In field drilling, formation rock is saturated and confined. However, investigation into dynamic failure behavior of water saturated rock under confining pressure is still limited. In this study, percussion drilling in borehole was simulated on a pressurized Split Hopkinson Pressure Bar (SHPB). Shale samples with different water content were impacted at different strain rate under confining pressure. The results show that the dynamic compressive strength (DCS) fluctuates with water content under confining pressure. The DCS increases first, then decreases, then increases again, regardless of the strain rate. The shale samples saturated with 35% water have the largest DCS of all. The specific energy assumption (SEA) shares a similar trend with DCS. The interaction of three factors is supposed to account for this variation: the hydration of clay, meniscus effect and Stefan effect. Furthermore, the influence of water content seems to be weakened when the strain rate is increased from 400s−1 to 600s−1. Finally, the variations of DCS and SEA with water content are fitted with sinusoidal curves. The results of this study are expected to reveal the failure behavior and breaking mechanism of formation shale in percussion drilling.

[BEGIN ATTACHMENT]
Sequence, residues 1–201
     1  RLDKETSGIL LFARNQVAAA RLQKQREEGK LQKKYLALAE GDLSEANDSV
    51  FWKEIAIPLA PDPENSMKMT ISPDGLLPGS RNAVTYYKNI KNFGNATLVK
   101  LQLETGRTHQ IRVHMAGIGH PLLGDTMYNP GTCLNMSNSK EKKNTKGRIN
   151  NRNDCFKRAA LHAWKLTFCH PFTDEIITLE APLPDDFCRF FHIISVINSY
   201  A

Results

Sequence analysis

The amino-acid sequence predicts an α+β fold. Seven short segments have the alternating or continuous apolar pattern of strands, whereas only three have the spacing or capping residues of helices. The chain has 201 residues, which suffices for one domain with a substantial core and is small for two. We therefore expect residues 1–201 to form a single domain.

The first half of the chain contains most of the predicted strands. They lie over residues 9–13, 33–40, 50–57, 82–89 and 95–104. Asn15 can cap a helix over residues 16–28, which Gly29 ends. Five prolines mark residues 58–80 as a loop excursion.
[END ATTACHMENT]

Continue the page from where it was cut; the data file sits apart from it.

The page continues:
A great number of successful field applications of percussion drilling in hard rock layers has been reported these years (Ford et al., 2011; Ziani et al., 2018).

In order to further improve the efficiency of percussion drilling, it is necessary to understand the breaking mechanism of formation rock under dynamic impact.

Since the prototype of Split Hopkinson Pressure Bar (SHPB) firstly proposed by Hopkinson (Hopkinson, 1914), this equipment has been developed for a century by many researchers (Hauser, 1966; Kolsky, 1949; Lindholm, 1964). To date, SHPB is a mature technology to investigate the dynamic properties of various materials, including rocks.

In 1968, Kumar conducted dynamic impact tests on rocks with SHPB for the first time (Kumar, 1968). After that, investigations on the properties of rocks at high strain rate had never stopped. Based on these tests, researchers found that the properties of rock in static, quasi-static and dynamic tests are different.

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